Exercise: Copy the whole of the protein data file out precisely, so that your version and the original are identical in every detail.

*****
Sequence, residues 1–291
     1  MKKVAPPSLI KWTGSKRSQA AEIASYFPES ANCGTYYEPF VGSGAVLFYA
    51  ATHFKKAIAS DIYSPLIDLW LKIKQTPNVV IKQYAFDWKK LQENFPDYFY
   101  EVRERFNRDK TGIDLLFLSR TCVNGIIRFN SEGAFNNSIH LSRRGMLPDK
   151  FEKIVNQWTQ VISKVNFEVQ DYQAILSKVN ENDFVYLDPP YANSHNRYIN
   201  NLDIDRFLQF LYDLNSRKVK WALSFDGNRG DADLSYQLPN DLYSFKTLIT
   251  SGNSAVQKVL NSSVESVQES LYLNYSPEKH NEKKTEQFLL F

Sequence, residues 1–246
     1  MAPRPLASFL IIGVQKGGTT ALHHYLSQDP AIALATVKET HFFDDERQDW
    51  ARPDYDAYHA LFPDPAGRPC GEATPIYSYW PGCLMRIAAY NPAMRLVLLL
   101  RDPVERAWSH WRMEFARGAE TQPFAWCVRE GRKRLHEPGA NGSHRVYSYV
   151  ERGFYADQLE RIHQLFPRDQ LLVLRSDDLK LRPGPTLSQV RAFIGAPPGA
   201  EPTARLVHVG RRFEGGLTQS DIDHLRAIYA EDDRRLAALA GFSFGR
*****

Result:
Sequence, residues 1–291
     1  MKKVAPPSLI KWTGSKRSQA AEIASYFPES ANCGTYYEPF VGSGAVLFYA
    51  ATHFKKAIAS DIYSPLIDLW LKIKQTPNVV IKQYAFDWKK LQENFPDYFY
   101  EVRERFNRDK TGIDLLFLSR TCVNGIIRFN SEGAFNNSIH LSRRGMLPDK
   151  FEKIVNQWTQ VISKVNFEVQ DYQAILSKVN ENDFVYLDPP YANSHNRYIN
   201  NLDIDRFLQF LYDLNSRKVK WALSFDGNRG DADLSYQLPN DLYSFKTLIT
   251  SGNSAVQKVL NSSVESVQES LYLNYSPEKH NEKKTEQFLL F

Sequence, residues 1–246
     1  MAPRPLASFL IIGVQKGGTT ALHHYLSQDP AIALATVKET HFFDDERQDW
    51  ARPDYDAYHA LFPDPAGRPC GEATPIYSYW PGCLMRIAAY NPAMRLVLLL
   101  RDPVERAWSH WRMEFARGAE TQPFAWCVRE GRKRLHEPGA NGSHRVYSYV
   151  ERGFYADQLE RIHQLFPRDQ LLVLRSDDLK LRPGPTLSQV RAFIGAPPGA
   201  EPTARLVHVG RRFEGGLTQS DIDHLRAIYA EDDRRLAALA GFSFGR